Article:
After having the program loaded to the microcontroller, the behavior of the system is observed throughout the
simulation process and adjustments are made to the design and operation activities. On the simulated LCD appearing in
fig 2, a welcoming message is displayed, where the train is still stopping at the first station with its doors open for
passengers to enter. At this situation, the actuator simulating the motion of the train is OFF, and the doors control
actuator is at OPEN state.

LCD
LM016L

Train Actuator
VDD
VSS

VEE

RW
RS

D0
D1
D2
D3
D4
D5
D6
D7
E

R1 Q1
1
2
3

4
5
6

7
8
9
10
11
12
13
14

TIP41
330

RV1 U1
1 15
RE3/MCLR/VPP RC0/T1OSO/T1CKI
16
RC1/T1OSI/CCP2
2 17
50%

RA0/AN0/ULPW U/C12IN0- RC2/P1A/CCP1


3 18
RA1/AN1/C12IN1- RC3/SCK/SCL
4 23
RA2/AN2/VREF-/CVREF/C2IN+ RC4/SDI/SDA
5 24
RA3/AN3/VREF+/C1IN+ RC5/SDO
1k 6 25
RA4/T0CKI/C1OUT RC6/TX/CK
7 26 +90.0
RA5/AN4/SS/C2OUT RC7/RX/DT
14
RA6/OSC2/CLKOUT
13 19
RA7/OSC1/CLKIN RD0
20
RD1
33 21
RB0/AN12/INT RD2
34 22
35
RB1/AN10/C12IN3- RD3
27 Door's Control
RB2/AN8 RD4
36
RB3/AN9/PGM/C12IN2- RD5/P1B
28 BUZ1
37 29
RB4/AN11 RD6/P1C
38 30
RB5/AN13/T1G RD7/P1D
39
RB6/ICSPCLK
40 8
RB7/ICSPDAT RE0/AN5 BUZZER
9
RE1/AN6
10
RE2/AN7
PIC16F887
R2 Q2
TIP41
330

Fig 2. Schematic diagram showing the system simulation using Proteus software.

Further train activities, while its departing a station and/or arriving at a station are considered in the simulation. Such
activates, and their flow are shown in the state diagrams of fig. 3 and fig. 4.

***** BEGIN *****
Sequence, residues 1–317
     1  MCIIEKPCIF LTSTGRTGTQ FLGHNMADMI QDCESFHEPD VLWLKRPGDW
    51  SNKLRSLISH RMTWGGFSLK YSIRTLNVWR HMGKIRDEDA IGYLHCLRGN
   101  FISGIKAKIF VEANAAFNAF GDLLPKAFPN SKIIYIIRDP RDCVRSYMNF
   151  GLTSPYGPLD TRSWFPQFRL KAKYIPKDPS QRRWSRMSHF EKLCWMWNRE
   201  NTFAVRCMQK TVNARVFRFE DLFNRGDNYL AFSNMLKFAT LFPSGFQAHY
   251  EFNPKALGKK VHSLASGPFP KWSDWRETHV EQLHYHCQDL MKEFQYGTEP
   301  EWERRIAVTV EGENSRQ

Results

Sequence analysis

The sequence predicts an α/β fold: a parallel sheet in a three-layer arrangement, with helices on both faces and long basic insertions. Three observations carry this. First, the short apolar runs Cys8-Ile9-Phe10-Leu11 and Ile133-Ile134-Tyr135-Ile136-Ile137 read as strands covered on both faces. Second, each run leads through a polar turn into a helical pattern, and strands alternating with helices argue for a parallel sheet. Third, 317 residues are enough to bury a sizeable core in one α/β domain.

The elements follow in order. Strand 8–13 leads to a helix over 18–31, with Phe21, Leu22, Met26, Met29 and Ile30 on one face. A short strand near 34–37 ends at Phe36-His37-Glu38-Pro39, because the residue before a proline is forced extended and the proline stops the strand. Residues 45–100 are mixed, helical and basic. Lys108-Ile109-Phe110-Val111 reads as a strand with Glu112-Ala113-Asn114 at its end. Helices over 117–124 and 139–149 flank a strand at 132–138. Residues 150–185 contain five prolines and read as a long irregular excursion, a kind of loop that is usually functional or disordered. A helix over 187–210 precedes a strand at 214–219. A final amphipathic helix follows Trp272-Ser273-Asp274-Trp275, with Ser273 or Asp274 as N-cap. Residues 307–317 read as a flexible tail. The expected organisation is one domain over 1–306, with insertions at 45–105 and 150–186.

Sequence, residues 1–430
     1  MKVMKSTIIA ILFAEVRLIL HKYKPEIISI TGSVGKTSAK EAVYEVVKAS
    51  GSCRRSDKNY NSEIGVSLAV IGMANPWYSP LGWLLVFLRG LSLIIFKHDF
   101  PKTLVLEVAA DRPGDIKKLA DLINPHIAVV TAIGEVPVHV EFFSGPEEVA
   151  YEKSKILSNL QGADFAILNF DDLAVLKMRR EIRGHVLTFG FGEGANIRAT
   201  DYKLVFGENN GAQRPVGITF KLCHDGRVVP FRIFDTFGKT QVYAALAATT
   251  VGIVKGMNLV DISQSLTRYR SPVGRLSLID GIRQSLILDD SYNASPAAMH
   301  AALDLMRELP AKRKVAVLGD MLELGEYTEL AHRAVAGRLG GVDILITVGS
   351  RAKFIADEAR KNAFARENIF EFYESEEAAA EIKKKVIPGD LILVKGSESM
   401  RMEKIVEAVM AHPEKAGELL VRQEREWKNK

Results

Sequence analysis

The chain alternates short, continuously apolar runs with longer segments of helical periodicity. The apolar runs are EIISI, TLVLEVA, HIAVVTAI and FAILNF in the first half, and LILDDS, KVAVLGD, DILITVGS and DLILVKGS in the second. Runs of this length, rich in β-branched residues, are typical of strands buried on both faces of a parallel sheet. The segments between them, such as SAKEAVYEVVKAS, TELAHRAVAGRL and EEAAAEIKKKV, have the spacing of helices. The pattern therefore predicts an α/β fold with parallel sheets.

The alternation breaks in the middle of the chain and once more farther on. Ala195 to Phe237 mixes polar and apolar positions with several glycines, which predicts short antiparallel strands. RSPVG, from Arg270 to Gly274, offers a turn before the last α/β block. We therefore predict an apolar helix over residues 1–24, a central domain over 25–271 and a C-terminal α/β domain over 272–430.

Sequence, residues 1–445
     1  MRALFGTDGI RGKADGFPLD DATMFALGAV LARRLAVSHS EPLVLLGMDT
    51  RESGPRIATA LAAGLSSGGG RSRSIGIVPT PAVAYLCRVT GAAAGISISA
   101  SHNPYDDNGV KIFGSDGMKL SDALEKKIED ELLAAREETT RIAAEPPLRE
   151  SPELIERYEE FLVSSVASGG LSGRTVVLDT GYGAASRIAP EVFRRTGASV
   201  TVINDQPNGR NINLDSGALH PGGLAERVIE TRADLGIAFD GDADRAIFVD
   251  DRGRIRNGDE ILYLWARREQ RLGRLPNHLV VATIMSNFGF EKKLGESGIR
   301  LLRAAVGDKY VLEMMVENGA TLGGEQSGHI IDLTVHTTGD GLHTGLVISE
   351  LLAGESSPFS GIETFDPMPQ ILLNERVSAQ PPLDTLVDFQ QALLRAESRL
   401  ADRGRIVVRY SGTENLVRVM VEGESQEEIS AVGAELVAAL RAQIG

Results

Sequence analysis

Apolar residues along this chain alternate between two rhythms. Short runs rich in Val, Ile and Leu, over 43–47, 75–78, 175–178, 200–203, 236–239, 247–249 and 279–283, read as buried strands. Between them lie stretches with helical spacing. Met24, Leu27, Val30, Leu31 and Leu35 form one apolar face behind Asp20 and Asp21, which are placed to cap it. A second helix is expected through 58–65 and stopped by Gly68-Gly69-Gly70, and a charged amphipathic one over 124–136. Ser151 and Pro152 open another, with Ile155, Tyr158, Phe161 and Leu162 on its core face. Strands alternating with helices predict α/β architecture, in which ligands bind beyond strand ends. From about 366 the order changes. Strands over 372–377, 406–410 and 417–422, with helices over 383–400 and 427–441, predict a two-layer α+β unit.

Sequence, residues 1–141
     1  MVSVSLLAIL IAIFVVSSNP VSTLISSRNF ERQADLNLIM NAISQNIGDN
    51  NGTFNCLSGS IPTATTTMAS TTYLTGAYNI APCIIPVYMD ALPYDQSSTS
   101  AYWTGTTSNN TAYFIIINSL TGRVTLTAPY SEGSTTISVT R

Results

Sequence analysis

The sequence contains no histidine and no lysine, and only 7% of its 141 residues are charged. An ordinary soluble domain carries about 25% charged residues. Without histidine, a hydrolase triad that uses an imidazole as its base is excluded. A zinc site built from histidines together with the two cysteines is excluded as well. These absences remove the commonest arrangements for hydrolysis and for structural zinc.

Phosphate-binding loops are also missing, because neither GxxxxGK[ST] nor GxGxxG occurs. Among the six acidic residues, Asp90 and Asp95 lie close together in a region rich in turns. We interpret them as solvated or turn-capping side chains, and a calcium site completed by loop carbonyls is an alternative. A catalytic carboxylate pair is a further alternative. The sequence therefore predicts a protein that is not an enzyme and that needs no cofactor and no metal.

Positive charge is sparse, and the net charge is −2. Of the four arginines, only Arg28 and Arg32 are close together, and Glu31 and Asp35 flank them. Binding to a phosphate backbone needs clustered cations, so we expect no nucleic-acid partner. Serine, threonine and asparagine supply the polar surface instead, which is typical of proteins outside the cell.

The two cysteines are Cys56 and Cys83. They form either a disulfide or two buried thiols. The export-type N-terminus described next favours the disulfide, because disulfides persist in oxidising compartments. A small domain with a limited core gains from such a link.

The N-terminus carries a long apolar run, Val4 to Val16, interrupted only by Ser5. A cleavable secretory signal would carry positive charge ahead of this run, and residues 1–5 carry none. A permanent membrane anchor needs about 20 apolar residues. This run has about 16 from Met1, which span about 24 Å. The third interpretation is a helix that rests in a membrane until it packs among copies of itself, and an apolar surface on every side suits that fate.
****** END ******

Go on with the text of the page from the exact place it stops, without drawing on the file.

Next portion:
start LCD: Train LCD: Motor Train


departing in Doors are state moves
few minutes Closing changes

Audio Doors Control: Motor


Alarm: Door closing ON
Buzzer
beeps

Fig 3. State diagram showing the train activities during departure

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ISSN (Print) : 2320 3765
ISSN (Online): 2278 8875

International Journal of Advanced Research in Electrical,


Electronics and Instrumentation Engineering
(An ISO 3297: 2007 Certified Organization)

Vol. 3, Issue 7, July 2014

DOI: 10.15662/ijareeie.2014.0307003

Train is LCD: Train LCD: Motor LCD: Doors


moving approaching Train Doors Stop
state Control:
a station in is are Doors
few minutes changes
stoppin Opening Open
g

Audio Doors
Control: Motor Audio
Alarm:
Buzzer Door OFF Alarm:
beeps closing Buzzer
beeps

Fig 4. State diagram showing the train activities during arrival

For the train to automatically and reliably stops at stations, different techniques may be applied. Distances between
stations, for instance, may be used to manage such actions by providing them as information to the control unit. In our
system, we have used IR sensors, where at appropriate locations with respect to each station, an IR transmitter is
positioned. Whereas the other part of the IR sensor, the receiver, is installed on the train. Whenever a train travelling
between stations, decodes a relevant IR signal, it will start its preparation to stop at the coming station. The Proteus
simulation of the IR circuits are shown in fig. 5. In this figure, it can be noticed that three pieces of a smaller
microcontroller chips are used (PIC16F628). This type of PIC16 series has only 18 pins and two ports, which are